Art and Inclusion

2015–2020

When I arrived at the High in 2015, the Museum faced a difficult truth: an exceptional collection and world-class architecture could not exclusively make us essential within the diverse and growing city that we call home. That realization forced us to change. We embraced inclusivity as a value and as a measurable objective.

Nearly five years after accelerating our commitment to inclusivity, now feels like an appropriate time to pause and transparently share our progress. While this data has been used in different ways at different times, this is the first occasion that we’ve created a comprehensive assessment of our efforts.

This report both underscores the very real adaptation of our culture and points to gaps and shortcomings. In other words, while it marks our progress, it more importantly establishes a new baseline to guide the Museum’s ongoing dialogue about what’s next.

We certainly do not have all the answers. We understand that there is progress that is not “graphable.” And we’re aware that we’ve not achieved the full measure of change to which we aspire.

However, we will continue steadfastly toward our goal of being a place where all Atlanta is comfortable coming together. Achieving that will take continuous focus and the relentless reinforcement of inclusivity as integral to everything we do.


—Rand Suffolk, Nancy and Holcombe T. Green, Jr., Director

Visitation

From 2015 to 2020, the High increased its Black, Indigenous, people of color (BIPOC) participation from 15% in 2015 to 51% in 2020, a 240% increase. Over the last four years, we have averaged 47% in BIPOC audience participation. We have made a conscious effort to ensure that our audience reflects the diverse makeup of Metro Atlanta communities by intentionally presenting diverse exhibitions, increasing community access, establishing and continuing unique partnerships, and developing interesting programming.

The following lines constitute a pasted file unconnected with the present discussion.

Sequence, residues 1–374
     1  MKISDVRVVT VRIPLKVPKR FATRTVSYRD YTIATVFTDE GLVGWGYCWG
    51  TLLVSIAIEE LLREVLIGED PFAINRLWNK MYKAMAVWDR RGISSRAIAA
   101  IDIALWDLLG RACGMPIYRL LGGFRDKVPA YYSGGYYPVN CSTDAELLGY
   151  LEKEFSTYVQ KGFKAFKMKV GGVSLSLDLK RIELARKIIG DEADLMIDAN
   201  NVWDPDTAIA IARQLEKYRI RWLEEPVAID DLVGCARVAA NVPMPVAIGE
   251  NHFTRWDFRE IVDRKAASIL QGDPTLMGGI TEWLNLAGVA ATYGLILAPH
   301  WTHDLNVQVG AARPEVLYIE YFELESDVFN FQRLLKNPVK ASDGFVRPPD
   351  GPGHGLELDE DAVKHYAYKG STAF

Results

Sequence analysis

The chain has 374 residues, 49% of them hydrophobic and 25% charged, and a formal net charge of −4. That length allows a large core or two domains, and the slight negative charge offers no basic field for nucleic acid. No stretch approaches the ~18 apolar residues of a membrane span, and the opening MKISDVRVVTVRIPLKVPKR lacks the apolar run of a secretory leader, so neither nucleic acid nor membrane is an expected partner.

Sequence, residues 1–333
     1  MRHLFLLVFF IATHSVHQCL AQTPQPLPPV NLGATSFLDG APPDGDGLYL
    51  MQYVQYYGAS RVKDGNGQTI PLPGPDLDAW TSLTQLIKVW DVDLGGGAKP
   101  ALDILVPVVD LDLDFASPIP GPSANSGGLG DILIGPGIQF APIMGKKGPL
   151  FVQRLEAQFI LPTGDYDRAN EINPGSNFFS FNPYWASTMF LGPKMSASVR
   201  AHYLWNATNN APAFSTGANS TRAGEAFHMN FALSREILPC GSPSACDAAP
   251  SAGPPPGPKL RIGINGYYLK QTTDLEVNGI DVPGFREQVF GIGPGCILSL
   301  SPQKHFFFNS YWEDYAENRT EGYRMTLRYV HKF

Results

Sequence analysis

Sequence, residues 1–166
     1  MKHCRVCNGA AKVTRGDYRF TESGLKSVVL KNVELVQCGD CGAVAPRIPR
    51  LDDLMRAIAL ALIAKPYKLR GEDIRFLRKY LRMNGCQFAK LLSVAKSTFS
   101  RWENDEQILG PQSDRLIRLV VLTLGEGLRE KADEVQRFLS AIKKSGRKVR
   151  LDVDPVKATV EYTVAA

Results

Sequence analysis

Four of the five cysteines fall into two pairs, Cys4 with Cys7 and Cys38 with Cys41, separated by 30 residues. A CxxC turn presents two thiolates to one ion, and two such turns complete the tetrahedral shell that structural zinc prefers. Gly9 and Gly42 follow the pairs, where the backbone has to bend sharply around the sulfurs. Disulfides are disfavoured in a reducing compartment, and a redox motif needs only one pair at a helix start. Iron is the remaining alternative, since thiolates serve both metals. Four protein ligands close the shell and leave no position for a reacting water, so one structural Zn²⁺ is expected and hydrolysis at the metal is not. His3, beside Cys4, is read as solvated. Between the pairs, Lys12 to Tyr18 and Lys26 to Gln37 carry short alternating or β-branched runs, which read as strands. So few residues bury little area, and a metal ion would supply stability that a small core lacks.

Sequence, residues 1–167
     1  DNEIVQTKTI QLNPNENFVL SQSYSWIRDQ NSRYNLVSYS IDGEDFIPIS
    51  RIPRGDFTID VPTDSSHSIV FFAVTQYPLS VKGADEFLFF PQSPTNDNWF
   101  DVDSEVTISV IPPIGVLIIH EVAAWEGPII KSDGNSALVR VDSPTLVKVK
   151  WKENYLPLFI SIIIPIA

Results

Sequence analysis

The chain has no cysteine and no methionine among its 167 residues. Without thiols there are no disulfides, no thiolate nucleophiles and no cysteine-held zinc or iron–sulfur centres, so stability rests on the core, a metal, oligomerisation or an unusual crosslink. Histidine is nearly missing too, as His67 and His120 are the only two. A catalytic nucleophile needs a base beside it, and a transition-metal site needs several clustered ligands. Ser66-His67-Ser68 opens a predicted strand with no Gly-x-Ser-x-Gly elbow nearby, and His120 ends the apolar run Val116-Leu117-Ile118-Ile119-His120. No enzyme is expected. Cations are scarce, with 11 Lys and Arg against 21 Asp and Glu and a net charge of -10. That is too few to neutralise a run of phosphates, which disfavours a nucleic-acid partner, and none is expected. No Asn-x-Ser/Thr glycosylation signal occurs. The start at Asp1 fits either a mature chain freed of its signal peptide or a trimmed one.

Metro Atlanta Area

High Museum of Art

Education Level

Arts Audiences

High Museum
FY20
Atlanta, Georgia
U.S. Census Bureau
Arts Audiences
2020 Culture Track** ***
US Adult Population
2020 Culture Track** ***
White 49% 37.6% 85% 63%
Black/African American 21% 51.8% 3% 12%
Latinx and Hispanic 9% 4.3% 5% 16%
Asian or Pacific Islander 7% 4.2% 4% 6%
Native American or Alaska Native 1% 0.2% <1% 1%
Multiple Races 8% 2.4% 2% 2%
Other 7%

** Data from 653 participating organizations' respondents.
***Culture + Community in a Time of Crisis: A Special Edition of Culture Track; LaPlaca Cohen and sloverlinett Audience Research; July 7, 2020.

National Arts Audiences

Arts Audiences
2020 Culture Track** ***
US Adult Population
2020 Culture Track** ***
White 85% 63%
Black/African American 3% 12%
Latinx and Hispanic 5% 16%
Asian or Pacific Islander 4% 6%
Native American or Alaska Native <1% 1%
Multiple Races 2% 2%
Other

** Data from 653 participating organizations' respondents.
***Courtesy LaPlaca Cohen.

Age of High Museum Visitors (FY20)

Household Income of High Museum Visitors (FY20)

A Quick Note on Visitation
The demographic data contained on the following pages is collected in two ways: 1) our visitors self-identify via touch polls located throughout the Museum and 2) via mobile phone data aggregated via on-site visitation. This data excludes the nearly 55,000 schoolchildren who visit the Museum on an annual basis.


Reinstallation

Refreshed. Reimagined. Revealed.

In 2018, the High reopened its permanent collection after a six-month renovation project. With the help of Selldorf Architects, the High’s redesigned collections embraced growth and diversity through storytelling, creating meaningful conversations with artwork across all seven collecting areas, and increased the artwork on view from 6% to 8% of the collection. We continue our commitment to highlighting diverse voices by our presentation of the highest artistic achievement available to us.

Construction

Budget:
$5.8
Million
Time Frame:
2.5
Years
Architectural Planning:
11
Months
Installation:
2
Months
Construction:
5
Months

Artworks

1,495
Objects
32%
More Objects on View
8%
of the collection
30%
First time on view
20%
by artists of color
9%
by female artists

Acquisitions

The following historical data shows acquisitions from two perspectives: total number of works purchased and total cost of works purchased. To gain a comprehensive overview of this data, it is important to toggle between both charts. For example, between FY17 and FY19, artists of color represented on average 32% of the funds annually expended to purchase new works. However, during that same time period, those same acquisitions represented on average 52% of the total number of works acquired each year.